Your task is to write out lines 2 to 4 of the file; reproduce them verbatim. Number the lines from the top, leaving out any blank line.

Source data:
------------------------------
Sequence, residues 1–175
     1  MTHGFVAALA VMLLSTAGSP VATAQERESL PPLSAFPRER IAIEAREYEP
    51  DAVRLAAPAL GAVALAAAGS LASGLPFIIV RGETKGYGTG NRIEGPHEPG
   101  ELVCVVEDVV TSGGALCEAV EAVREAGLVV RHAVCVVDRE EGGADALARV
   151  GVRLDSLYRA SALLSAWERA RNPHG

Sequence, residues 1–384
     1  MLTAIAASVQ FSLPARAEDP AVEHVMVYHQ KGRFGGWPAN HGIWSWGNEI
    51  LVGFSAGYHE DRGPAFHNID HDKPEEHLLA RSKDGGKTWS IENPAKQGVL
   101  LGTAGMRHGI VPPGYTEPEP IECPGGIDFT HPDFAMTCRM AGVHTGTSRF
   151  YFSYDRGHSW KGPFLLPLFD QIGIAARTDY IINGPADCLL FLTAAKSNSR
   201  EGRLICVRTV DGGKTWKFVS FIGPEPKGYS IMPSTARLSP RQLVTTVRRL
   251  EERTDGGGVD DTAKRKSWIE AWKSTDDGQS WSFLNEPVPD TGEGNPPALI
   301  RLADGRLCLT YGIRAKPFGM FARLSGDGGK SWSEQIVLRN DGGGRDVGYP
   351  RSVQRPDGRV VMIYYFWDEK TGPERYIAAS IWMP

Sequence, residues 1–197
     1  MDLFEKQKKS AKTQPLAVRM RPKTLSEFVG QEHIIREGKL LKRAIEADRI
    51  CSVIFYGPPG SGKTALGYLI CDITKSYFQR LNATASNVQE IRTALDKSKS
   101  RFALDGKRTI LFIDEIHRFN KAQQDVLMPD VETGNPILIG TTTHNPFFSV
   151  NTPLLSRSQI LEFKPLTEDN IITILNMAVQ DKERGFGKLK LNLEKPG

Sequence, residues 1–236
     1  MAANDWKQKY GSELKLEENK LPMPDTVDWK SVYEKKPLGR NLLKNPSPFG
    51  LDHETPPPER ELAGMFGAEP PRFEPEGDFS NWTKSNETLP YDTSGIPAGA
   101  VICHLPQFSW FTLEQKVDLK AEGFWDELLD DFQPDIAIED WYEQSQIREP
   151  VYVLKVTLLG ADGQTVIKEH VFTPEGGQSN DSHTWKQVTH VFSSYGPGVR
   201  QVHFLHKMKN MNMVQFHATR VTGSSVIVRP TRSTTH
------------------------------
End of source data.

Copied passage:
     1  MTHGFVAALA VMLLSTAGSP VATAQERESL PPLSAFPRER IAIEAREYEP
    51  DAVRLAAPAL GAVALAAAGS LASGLPFIIV RGETKGYGTG NRIEGPHEPG
   101  ELVCVVEDVV TSGGALCEAV EAVREAGLVV RHAVCVVDRE EGGADALARV